An actress who has found religion refuses to film an all-important kiss in Ahmed Amer’s feature debut
Dir-scr: Ahmed Amer. Egypt. 2017. 88mins
One of the buzz films of the Dubai International Film Festival, Egyptian writer-director Ahmed Amer’s feature debut Kiss Me Not (Balash Tbousny) takes a series of comedy pot-shots at increasing prudishness and self-censorship in Egyptian cinema, and delivers an engagingly frothy film about the film business that could well click with local audiences and the Arabic audience, with the presence of award-winning actress Yasmine Raeis a real bonus.
The film features some nice cameos from Egyptian film figures. Raeis (who performs as Yasmine Rais in the film) is a sophisticated and charismatic performer, and her turn as an actress named Fagr who decides to follow a more religious route just as she is about to take part in a climactic scene involving a kiss, gives the film its amusing core.
The fact that the film features some nice cameos from Egyptian film figures; has some nicely staged comedy moments and never takes itself overly seriously add up to a shrewdly mainstream film that sneakily takes some digs at Egyptian culture.
First time filmmaker Tamer (Mohamed Mahran) has reached the final, oh-so, vital scene in his film The Mirage, but Fagr is increasingly unhappy about the bed scene in which she has to kiss her co-star, declaring it is sinful. It turns out she has had a religious vision, and while Tamer insists they wrap the scene as written in an increasingly funny series of failed film takes she manages to avoid the kiss. Just when it looks like the screen kiss is finally happening, a call to prayer interrupts and she runs off the set for good.
As Tamer desperately tries to get Fagr to return for the vital scene, the film has fun tackling all aspects of Egyptian cinema. A friend from film school is shooting a documentary about the kiss in Egyptian cinema and was on set and recording Tamer and his team; Tamer’s producer suggests bodydoubles, while real-life directors Khairy Beshara and the late Mohamed Khan (who directed Raeis in 2013 DIFF hit Factory Girl, for which she received the Best Actress award) bicker, compete, offer advice and even suggest an animated ending.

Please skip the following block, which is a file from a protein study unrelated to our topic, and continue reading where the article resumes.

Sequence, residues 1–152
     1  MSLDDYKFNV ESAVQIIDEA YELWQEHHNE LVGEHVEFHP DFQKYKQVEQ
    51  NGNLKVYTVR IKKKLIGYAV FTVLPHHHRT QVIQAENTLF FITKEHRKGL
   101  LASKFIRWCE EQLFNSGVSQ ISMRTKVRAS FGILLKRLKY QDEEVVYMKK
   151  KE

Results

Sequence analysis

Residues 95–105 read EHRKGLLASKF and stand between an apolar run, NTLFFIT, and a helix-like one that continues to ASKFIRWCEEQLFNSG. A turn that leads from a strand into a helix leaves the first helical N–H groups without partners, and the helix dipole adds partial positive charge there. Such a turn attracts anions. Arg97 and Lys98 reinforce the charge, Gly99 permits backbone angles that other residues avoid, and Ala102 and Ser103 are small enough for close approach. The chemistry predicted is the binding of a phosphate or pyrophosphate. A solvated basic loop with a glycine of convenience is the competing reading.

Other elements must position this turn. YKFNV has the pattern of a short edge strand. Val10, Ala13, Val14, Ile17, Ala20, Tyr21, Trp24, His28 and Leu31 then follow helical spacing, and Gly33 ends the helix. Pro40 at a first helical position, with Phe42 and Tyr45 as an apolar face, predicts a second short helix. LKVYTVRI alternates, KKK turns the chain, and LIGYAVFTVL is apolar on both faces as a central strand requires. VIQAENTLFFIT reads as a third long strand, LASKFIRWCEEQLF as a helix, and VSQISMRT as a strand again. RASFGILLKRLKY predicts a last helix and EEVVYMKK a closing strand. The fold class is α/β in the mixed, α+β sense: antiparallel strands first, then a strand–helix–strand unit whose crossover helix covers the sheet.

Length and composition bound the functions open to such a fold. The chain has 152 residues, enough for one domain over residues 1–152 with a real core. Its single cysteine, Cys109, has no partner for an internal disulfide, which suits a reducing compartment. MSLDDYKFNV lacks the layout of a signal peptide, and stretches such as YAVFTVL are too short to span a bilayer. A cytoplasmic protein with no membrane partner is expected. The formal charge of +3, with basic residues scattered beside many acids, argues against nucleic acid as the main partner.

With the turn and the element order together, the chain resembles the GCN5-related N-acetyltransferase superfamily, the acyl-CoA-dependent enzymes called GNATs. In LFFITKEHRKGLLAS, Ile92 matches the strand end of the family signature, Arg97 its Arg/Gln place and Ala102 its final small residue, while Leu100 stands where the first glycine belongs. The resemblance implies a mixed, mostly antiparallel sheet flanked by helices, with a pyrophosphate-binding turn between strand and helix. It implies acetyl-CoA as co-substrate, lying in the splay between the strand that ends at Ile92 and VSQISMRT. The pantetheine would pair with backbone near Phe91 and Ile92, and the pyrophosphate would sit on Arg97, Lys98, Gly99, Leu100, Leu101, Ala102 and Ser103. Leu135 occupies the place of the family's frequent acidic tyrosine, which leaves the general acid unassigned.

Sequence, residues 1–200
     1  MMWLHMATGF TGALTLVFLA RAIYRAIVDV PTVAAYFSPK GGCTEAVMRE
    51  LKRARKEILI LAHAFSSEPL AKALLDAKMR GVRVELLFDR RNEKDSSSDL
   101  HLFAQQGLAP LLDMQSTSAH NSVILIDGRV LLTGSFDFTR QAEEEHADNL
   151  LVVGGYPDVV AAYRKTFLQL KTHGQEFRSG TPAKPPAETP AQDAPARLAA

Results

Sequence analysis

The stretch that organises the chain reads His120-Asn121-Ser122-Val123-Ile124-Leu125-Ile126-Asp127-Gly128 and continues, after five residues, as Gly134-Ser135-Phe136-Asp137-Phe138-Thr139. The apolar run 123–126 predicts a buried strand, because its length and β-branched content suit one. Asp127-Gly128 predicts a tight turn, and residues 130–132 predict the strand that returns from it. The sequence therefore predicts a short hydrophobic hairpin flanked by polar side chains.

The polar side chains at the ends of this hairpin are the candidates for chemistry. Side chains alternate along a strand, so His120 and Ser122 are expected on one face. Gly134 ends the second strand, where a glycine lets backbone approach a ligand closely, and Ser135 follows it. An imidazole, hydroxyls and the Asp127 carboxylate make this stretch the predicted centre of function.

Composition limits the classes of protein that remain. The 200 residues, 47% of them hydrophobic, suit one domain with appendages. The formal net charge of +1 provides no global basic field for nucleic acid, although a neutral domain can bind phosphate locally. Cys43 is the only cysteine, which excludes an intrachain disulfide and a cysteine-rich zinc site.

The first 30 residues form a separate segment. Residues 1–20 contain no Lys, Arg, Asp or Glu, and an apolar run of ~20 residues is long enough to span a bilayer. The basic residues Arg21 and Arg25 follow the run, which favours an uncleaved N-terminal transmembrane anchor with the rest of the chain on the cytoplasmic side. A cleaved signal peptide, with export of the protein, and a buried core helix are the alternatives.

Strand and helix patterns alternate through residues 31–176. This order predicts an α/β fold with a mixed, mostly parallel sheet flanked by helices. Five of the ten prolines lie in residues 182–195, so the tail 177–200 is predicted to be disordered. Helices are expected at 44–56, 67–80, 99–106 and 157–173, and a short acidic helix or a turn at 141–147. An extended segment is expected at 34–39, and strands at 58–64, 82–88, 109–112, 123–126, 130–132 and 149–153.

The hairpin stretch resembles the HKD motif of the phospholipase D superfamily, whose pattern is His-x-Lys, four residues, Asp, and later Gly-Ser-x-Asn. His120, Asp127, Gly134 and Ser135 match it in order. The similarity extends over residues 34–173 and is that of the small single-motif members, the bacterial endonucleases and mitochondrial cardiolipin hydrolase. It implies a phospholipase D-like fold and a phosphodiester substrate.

With Fagr now only agreeing to perform in a hijab, Tamer has to get creative to finally finish his film. Kiss Me Not is nicely pacey, which suits its short running time, and while not quite as confrontational and controversial as it might have been it delivers plenty of engaging entertainment. From its animated opening credits sequence through to its satisfying ending, Kiss Me Not is a smartly made production.
Production company: Middle West Films
Sales contact: MAD Solutions, www.mad.film
Producers: Wael Omar, Dina Daouk, Ahmed Amer, Alaa Karkouti, Maher Diab
Cinematography: Hossam Shahine
Editor: Emad Maher
Production designer: Marwa El Kassar
Music: Omar Fadel
Main cast: Yasmine Rais, Sawsan Badr, Mohamed Mahran, Aida Riad, Salwa Mohamed Ali, Sawsan Bady